As I write this column on Wednesday morning, a second term appears to be quickly fading away for Donald Trump and his vice president. In the cruel world of presidential politics, there will be no time to cry or lick your wounds.  

The 2024 election campaign started this morning if not months ago for those senators, governors and glitterati who get up in the morning and see the next president staring back at them from their mirrors. This is the reality that Pence must face this week. The road to the job that he has sought for so long begins now and it will not be a road less traveled.

A reelection of the Trump/Pence team would have given Pence a significant leg up on the 2024 campaign. He would almost assuredly become the early favorite to become the 2024 Republican candidate for president. He could jet around the country in Air Force Two visiting centers of wealth, scarfing up campaign contributions and making campaign appearances with 2022 congressional and senatorial candidates in key states.  

He could find plenty of reasons to visit cornpicker conventions in Iowa and maple syrup festivals in New Hampshire. In short, he could spend the next three years campaigning on the taxpayers’ dime and still find time to ask about the president’s health and attend third-world dictators’ funerals.

Time for plan B. Presuming that Mike Pence still wants the job of president, he now faces the daunting task of facing as many as 20 potential Republican candidates in a beauty pageant that will unfold no more reasonably than the circus sideshow that was the 2016 primary season.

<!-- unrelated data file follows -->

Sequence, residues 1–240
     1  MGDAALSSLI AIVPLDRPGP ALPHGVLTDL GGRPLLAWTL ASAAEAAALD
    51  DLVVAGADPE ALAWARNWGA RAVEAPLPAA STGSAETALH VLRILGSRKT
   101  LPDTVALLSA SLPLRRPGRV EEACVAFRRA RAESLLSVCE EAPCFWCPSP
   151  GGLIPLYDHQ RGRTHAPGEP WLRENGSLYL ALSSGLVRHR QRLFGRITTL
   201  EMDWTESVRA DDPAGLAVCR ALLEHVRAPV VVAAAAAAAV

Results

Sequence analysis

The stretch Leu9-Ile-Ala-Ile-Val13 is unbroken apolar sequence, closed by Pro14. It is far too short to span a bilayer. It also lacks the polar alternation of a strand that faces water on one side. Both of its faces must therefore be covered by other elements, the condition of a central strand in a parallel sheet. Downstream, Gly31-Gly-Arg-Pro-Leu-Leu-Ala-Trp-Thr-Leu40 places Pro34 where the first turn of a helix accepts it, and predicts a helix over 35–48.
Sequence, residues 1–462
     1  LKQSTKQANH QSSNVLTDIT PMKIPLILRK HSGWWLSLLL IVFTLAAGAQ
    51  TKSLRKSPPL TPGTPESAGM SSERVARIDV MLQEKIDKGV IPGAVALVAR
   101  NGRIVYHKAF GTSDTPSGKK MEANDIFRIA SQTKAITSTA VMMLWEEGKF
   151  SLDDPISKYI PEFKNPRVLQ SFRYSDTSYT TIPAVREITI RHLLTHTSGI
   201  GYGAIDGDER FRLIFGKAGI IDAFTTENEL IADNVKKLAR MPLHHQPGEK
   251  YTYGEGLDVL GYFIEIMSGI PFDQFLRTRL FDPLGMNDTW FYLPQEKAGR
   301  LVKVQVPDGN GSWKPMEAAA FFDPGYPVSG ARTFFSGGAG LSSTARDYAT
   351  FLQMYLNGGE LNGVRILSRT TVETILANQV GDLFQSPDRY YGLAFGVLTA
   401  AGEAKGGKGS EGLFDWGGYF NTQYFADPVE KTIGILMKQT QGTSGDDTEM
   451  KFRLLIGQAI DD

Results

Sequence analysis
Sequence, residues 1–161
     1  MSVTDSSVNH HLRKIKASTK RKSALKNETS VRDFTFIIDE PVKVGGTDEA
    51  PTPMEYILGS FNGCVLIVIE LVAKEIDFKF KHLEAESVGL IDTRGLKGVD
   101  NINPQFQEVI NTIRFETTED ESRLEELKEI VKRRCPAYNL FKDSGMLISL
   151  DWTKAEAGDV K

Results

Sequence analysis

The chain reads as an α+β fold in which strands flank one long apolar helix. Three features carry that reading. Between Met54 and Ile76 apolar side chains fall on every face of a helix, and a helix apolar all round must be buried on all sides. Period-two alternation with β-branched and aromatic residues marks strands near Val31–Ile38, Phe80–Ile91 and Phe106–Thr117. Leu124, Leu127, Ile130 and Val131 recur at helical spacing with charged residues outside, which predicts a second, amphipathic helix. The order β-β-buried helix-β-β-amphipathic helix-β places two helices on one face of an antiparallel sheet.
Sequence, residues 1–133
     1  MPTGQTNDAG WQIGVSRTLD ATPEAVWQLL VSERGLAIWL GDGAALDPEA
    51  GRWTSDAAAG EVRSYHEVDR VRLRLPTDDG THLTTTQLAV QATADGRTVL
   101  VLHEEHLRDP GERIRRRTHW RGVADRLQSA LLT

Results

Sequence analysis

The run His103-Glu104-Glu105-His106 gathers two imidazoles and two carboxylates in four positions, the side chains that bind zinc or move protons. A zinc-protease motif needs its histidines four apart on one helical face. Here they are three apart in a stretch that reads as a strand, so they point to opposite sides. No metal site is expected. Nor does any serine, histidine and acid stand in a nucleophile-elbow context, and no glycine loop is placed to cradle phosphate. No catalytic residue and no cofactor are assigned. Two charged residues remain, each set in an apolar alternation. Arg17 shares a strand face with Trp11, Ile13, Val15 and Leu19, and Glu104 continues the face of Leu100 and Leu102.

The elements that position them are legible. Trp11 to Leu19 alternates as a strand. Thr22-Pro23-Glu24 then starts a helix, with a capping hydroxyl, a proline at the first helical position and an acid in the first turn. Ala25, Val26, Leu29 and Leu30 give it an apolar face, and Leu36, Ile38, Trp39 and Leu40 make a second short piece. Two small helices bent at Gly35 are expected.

He most certainly will face a wealth of Republican talent let by former Governor Nikki Haley, Sen. Tom Cotton, Sen. Tim Scott, Sen. Ted Cruz, Sen. Marco Rubio, Gov. Ron DeSantis, Sen. Mike Lee, Sen. Rick Scott, Secretary of State Mike Pompeo, Gov. Mike DeWine, Sen. Josh Hawley and either Ivanka Kushner or Donald Trump Jr.  

The wild card in all of this will be the plans and whims of Donald J. Trump. He might decide to make another run in a bid for redemption or weigh in on behalf of one of his children or one of his loyalists. Make no mistake about it, President Trump will happily throw Mike Pence under a bus and label him a loser if it suits his purpose. He has done the same to a litany of qualified and good men and women and Mike Pence should not expect any different treatment. President Trump, like him or not, is a death star and tends to destroy anything that enters his orbit.
 
The presidential primary system in the United States is broken without much hope of repair. It is immensely expensive, involves kissing cow derrieres in Iowa in an unfathomable voodoo caucus process, requires fawning over a state with only three Electoral College votes and pretty much crowns a winner before even half of the primary voters have cast a ballot.  

The large number of candidates puts a premium on those candidates who can grab more than their share of both press and voter attention and who have a loyal base of fanatical support. This reality puts Mike Pence at a distinct disadvantage in a crowded Republican field. For these reasons, I believe that Pence’s narrow path to the presidency may have shrunk to the point of being impenetrable. Mike Pence is a good man and an honorable public servant. History has demonstrated time and time again that these traits are not always the prime requisites to higher office.  

In my capacity as a Republican county chairman, I gave of my time, money and energy to help elect Mike Pence governor of Indiana and vice president of the United States. I am glad that I did so. As I peer into my political crystal ball, I just do not see a President Mike Pence. And then just as I write this, in my mind’s eye, I can see Mike Pence smiling that twinkling honest smile and thinking to himself about Mark Twain’s quote, “Reports of my death are greatly exaggerated.” 

Dunn is the former Republican chairman for Howard County.